Friday, July 07, 2006

2006 Quarter 2 Update

July 7, 2006

There may be differing opinions as to the cause of the decline in equity prices throughout May and June of this year; however there is little argument as to the severity of the decline itself. For some perspective on this move in equity prices we offer the following:

As of May 10, 2006, the Dow Jones Industrial Average was 100 points away from a record high. Three volatile weeks later, the DJIA stood more than 4% lower than its May 10 level while the MSCI Emerging Markets Index dropped by 15%, led by declines in all major developing nations, including an 18.5% drop for Brazil, Russia, India, and China.

And what of the myriad of reasons given for the sell-off? Many believe that inflation is the real culprit, hence the increasingly hawkish statements made by the heads of the Federal Reserve, namely Ben Bernanke. While this belief likely has some validity to it, consider the fact that on an historical basis, headline CPI readings are generally inline with the average since 1980, with the core reading even more subdued as it remains near all time lows. Of course these numbers tend to be historical in nature so we might be in for higher ones in the coming months. That being said, we have just witnessed nothing short of a complete “smackdown” in commodity prices, a good thing when it comes to future inflation readings and the concerns surrounding them. So perhaps much of the work has been done with regards to inflation going forward, albeit an extremely painful process to endure.

Others believe that one of the major causes of this equity decline stems from a lack of confidence in the new Federal Reserve body. It is true that the retirement of Alan Greenspan ushered out an era of confidence in the Federal Reserve based on a solid track record going back to the mid-1980’s. Whether one was a fan of Greenspan or not, he no doubt had the ability to comfort market participants in times of uncertainty and fear. This, however, is unlikely to have resulted in such a severe market correction in the domestic and global markets alike.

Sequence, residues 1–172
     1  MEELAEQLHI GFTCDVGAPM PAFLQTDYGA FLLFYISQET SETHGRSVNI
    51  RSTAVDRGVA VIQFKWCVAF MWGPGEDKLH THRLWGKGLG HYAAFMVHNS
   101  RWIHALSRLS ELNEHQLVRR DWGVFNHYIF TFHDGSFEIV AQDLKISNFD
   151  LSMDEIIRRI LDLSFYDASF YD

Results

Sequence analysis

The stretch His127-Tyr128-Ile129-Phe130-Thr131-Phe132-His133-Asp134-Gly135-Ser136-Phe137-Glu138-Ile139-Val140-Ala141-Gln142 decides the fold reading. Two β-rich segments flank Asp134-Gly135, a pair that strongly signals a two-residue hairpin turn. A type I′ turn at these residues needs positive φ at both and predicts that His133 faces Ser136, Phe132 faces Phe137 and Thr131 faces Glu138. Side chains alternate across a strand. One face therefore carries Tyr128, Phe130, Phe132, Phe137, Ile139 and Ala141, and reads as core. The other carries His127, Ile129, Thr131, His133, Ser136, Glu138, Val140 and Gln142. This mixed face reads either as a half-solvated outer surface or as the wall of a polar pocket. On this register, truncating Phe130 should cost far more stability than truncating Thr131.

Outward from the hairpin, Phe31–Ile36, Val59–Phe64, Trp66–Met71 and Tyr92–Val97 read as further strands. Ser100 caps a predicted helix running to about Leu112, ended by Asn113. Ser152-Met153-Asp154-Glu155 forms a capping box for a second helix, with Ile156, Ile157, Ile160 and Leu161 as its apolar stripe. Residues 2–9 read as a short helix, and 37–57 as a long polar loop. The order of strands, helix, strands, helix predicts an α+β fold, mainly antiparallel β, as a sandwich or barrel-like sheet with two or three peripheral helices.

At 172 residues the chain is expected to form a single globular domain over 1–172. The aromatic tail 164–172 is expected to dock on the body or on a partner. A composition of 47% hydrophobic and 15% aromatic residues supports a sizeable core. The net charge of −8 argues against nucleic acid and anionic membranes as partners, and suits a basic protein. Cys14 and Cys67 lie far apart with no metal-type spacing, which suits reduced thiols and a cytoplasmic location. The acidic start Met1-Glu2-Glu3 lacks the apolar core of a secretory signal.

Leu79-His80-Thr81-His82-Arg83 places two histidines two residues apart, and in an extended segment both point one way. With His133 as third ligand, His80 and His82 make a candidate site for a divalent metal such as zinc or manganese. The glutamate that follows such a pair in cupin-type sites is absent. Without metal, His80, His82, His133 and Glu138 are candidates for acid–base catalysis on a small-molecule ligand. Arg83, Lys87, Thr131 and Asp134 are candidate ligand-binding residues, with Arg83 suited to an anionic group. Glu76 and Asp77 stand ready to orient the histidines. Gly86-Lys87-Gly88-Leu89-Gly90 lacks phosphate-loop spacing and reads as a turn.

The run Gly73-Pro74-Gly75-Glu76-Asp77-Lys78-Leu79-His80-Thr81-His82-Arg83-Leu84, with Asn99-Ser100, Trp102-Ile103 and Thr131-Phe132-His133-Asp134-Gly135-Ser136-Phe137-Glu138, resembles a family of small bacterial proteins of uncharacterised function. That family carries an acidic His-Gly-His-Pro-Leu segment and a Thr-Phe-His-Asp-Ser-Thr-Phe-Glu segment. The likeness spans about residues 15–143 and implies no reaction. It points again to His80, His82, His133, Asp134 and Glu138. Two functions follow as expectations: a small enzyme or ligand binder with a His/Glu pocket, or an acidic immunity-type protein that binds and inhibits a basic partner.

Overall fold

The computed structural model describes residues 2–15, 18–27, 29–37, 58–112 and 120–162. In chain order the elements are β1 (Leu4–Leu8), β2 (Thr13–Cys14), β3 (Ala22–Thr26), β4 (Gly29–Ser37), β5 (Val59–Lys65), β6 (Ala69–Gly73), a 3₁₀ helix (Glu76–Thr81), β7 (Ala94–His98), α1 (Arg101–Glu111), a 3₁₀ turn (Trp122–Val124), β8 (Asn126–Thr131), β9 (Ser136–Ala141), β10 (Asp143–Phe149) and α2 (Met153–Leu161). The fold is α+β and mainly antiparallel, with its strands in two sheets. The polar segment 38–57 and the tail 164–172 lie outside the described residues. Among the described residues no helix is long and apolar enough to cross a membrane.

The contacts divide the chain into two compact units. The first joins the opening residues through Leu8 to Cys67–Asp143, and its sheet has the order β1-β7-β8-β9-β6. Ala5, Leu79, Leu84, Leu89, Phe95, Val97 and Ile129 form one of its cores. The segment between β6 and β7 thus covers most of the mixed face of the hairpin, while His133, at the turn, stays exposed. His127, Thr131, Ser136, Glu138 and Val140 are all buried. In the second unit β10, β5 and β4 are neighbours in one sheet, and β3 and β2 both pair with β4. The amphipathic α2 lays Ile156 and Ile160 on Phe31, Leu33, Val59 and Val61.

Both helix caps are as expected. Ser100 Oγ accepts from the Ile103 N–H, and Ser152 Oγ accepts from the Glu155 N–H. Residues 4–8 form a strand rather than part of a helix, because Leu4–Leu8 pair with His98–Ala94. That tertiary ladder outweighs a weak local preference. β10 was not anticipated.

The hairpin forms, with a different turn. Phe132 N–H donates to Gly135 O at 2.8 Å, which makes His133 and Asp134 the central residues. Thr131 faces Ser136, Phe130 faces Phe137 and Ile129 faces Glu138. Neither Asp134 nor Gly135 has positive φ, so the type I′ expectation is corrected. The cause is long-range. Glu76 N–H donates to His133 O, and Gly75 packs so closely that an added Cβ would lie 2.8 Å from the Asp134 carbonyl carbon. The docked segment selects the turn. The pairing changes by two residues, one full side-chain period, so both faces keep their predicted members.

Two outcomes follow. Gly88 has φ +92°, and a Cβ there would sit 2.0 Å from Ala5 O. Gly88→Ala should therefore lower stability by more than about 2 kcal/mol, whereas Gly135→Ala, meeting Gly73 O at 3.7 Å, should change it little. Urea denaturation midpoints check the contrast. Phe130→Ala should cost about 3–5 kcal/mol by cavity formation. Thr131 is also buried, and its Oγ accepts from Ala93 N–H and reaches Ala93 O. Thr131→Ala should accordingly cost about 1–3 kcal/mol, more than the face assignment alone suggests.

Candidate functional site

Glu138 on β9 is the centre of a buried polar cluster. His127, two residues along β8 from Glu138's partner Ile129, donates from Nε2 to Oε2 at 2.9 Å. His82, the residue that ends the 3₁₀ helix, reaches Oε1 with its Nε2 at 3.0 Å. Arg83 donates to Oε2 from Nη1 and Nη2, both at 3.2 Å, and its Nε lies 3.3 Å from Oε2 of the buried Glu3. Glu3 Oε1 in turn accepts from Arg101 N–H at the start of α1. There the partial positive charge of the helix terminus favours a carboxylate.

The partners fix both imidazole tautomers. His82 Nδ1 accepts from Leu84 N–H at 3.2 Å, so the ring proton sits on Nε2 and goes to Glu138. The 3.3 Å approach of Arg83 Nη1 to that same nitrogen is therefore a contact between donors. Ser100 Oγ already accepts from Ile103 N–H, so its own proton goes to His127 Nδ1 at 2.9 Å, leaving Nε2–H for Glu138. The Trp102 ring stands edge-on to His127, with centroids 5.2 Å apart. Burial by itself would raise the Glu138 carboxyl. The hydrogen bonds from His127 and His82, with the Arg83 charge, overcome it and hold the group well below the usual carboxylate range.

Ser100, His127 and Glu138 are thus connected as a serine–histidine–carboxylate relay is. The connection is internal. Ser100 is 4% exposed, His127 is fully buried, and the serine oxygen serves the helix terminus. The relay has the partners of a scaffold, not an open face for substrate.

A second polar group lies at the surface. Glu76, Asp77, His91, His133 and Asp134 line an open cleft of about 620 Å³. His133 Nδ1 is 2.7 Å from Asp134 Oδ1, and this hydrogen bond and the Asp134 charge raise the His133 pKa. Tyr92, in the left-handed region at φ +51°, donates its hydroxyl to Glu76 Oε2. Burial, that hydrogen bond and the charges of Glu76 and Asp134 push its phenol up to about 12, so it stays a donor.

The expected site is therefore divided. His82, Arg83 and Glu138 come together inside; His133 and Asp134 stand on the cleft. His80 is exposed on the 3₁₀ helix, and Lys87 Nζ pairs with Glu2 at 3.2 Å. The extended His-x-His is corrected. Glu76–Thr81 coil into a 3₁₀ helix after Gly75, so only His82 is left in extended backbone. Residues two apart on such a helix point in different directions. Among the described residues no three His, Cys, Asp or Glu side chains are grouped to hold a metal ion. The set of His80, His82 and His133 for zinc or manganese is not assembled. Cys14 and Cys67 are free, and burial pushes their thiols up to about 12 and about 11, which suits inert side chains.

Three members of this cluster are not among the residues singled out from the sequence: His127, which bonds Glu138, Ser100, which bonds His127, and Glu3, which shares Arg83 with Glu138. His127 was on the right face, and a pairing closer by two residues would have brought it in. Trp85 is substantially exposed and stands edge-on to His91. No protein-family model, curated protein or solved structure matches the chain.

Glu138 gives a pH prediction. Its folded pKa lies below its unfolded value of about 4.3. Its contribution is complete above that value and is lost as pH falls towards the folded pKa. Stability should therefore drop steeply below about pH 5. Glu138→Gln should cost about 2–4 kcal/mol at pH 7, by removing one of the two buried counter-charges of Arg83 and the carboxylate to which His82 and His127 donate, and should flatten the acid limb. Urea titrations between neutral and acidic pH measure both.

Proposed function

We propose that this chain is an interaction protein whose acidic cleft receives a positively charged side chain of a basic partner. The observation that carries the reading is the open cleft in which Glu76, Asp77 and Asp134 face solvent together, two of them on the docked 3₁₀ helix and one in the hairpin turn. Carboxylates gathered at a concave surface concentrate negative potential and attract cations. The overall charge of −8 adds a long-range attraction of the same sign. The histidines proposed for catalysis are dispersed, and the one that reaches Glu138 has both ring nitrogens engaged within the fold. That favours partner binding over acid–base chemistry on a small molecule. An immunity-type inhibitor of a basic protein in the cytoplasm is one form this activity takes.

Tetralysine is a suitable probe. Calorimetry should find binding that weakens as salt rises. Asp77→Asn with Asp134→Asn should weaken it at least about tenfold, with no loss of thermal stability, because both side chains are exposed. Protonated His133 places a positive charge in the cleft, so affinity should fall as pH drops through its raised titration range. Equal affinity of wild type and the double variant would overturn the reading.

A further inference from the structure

No, the real culprit in the May/June market meltdown was years in the making and weeks in the undoing: Liquidity. Hard to believe that so much pain and confusion can be summed up in one simple word, isn’t it? But we believe that it can. As Mark Gilbert at Bloomberg states so eloquently, “The Federal Reserve has taken away the punchbowl it spent two years pouring absinthe into.” This, we believe, is the true culprit.

As more and more liquidity was added to the system via Federal Reserve short term rate cuts (ultimately ending at a mere 1% following the recession in the early part of this decade) there was put into place a process of “mispricing risk.” With so much available cash sloshing around the system investors were encouraged to take on more risk (or perhaps unable to resist) than they might otherwise have taken under a different scenario. When this excess cash is soaked up via interest rate hikes there begins a process of “repricing risk.” This process involves deleveraging, and deleveraging can be brutal and indiscriminate as we have recently witnessed (and therein lies the good news which we will touch on shortly). Investors are bound to price risk differently when the Fed funds rate is 5% and rising rather than 1% and flat. And it’s not just the U.S. Federal Reserve that has removed the punchbowl. Europe and Asia have been acting in kind which has only exacerbated the problem for the global markets.